Art Studio Pivots To Offer At-Home Products, DIY Paint Experiences to Combat The ‘Tech’ Overload

Since mid-March, remote work, virtual learning, video conference calls and binge-watching during lockdowns have become the new normal for Bahamian families during the Covid-19 pandemic. The increase screen time could lead to what researchers are describing as tech ‘overload’. Local business Big Picture Paint & Sip Studio is using creativity to combat this constant need for connectivity by pivoting to offer clients at-home paint kits and curated craft boxes for kids as an additional product and service category.  

The art studio located at 8 South Buckner Square Sandyport is currently operating online. Big Picture was in the first wave of business operators to close as a result of the Emergency Orders.  

Studio owner Gennyne Hepburn immediately began thinking of ways to stay connected to clients including children. Prior to the pandemic, the experienced-based company had already integrated technology into its operations by allowing clients to book and pay for private or open painting sessions online. 

“At the onset of the pandemic, we looked at business continuity.  Our focus was on how we could pivot to deliver a creative experience for clients while at home.  Our in-studio paint sessions are interactive and hands-on. We had to consider how that experience and creativity could translate beyond the walls of our studio space,” Hepburn explained.  

“We had a kids Easter art camp set for April 2020 in studio, which we converted to an at-home camp due to the lockdown. Many parents shared that they also wanted their children to have downtime from the screens and the technology overload resulting from virtual learning.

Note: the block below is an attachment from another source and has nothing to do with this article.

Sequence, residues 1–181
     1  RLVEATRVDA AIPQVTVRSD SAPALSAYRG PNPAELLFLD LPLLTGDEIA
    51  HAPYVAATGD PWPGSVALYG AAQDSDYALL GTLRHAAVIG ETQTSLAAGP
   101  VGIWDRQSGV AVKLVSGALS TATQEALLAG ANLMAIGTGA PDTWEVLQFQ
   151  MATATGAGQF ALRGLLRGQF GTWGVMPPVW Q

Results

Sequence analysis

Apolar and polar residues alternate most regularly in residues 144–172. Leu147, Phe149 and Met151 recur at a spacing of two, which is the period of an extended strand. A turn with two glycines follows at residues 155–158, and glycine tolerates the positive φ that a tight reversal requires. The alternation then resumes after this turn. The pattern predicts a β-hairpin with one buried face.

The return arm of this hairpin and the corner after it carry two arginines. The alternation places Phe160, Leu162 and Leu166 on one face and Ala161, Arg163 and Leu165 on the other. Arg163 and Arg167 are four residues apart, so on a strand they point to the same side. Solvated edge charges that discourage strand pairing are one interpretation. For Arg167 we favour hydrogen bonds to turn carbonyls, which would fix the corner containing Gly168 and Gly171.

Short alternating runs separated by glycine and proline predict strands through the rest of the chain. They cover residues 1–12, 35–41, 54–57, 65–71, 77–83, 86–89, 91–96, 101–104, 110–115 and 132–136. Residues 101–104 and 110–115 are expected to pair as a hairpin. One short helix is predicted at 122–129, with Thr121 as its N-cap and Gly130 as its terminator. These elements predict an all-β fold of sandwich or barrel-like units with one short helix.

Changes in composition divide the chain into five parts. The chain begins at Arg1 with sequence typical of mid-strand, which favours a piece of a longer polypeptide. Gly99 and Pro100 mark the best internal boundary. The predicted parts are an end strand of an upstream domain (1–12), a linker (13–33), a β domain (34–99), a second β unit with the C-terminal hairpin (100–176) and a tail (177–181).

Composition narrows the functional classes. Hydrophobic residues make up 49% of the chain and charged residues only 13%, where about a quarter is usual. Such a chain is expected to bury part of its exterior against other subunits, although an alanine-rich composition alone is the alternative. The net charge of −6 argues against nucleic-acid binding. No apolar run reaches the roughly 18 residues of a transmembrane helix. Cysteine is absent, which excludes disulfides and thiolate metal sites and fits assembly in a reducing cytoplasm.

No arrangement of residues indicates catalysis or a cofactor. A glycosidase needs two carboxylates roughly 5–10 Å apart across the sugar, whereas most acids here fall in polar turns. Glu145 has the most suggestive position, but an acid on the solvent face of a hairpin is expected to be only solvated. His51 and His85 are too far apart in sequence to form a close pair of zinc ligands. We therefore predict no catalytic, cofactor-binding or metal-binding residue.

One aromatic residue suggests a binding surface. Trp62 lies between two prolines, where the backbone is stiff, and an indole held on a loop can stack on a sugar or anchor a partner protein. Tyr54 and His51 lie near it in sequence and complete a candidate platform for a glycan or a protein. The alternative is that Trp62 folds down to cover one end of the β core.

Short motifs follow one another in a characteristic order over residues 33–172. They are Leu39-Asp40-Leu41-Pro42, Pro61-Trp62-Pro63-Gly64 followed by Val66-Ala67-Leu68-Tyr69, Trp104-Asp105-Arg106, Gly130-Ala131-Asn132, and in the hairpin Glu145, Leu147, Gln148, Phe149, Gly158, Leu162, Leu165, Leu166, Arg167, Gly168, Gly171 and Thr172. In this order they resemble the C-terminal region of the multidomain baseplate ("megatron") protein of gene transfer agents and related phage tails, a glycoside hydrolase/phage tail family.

The studio’s themed craft boxes are also being used by parents to support at-home art curriculums.  

“For the upcoming Christmas season, we want to help parents introduce art and culture to children in a way where they are engaged and are proud of the quality pieces that they create through the experience,” Hepburn said.  

“Our holiday arts and craft boxes will focus on Bahamian Junkanoo. Young artists will have an opportunity to decorate a Junkanoo headpiece, create a mixed media collage and paint a bold and colorful piece of art that they can have as a keepsake.”  

To expand their ecommerce reach, Big Picture Paint & Sip Studio added an online store where clients could order themed paint kits, craft kits and boxes with customized instructions for the young and old. By early May, clients were able to request customized self-portraits, family wall signs or choose from the “Paint-A-Legend” collection amongst other offerings.   

A key demographic emerging from the remote art experience is grandparents and parents seeking ways to reduce screen time and get young children back into the space of using their hands and innate creativity.  

“We’ve found a growing trend of grandparents purchasing kits as gifts and shipping them to the Family Islands and internationally.”   

The studio is also set to host several private virtual paint experiences heading into the holidays where clients pre-order kits and gather online to sip and paint from the safety of their homes. For more information on the company’s at-home virtual or other experiences, visit www.bigpicltd.com, email info@bigpicltd.com, call 242-601-0144 or follow them @bigpictureltd on Instagram and Facebook. 

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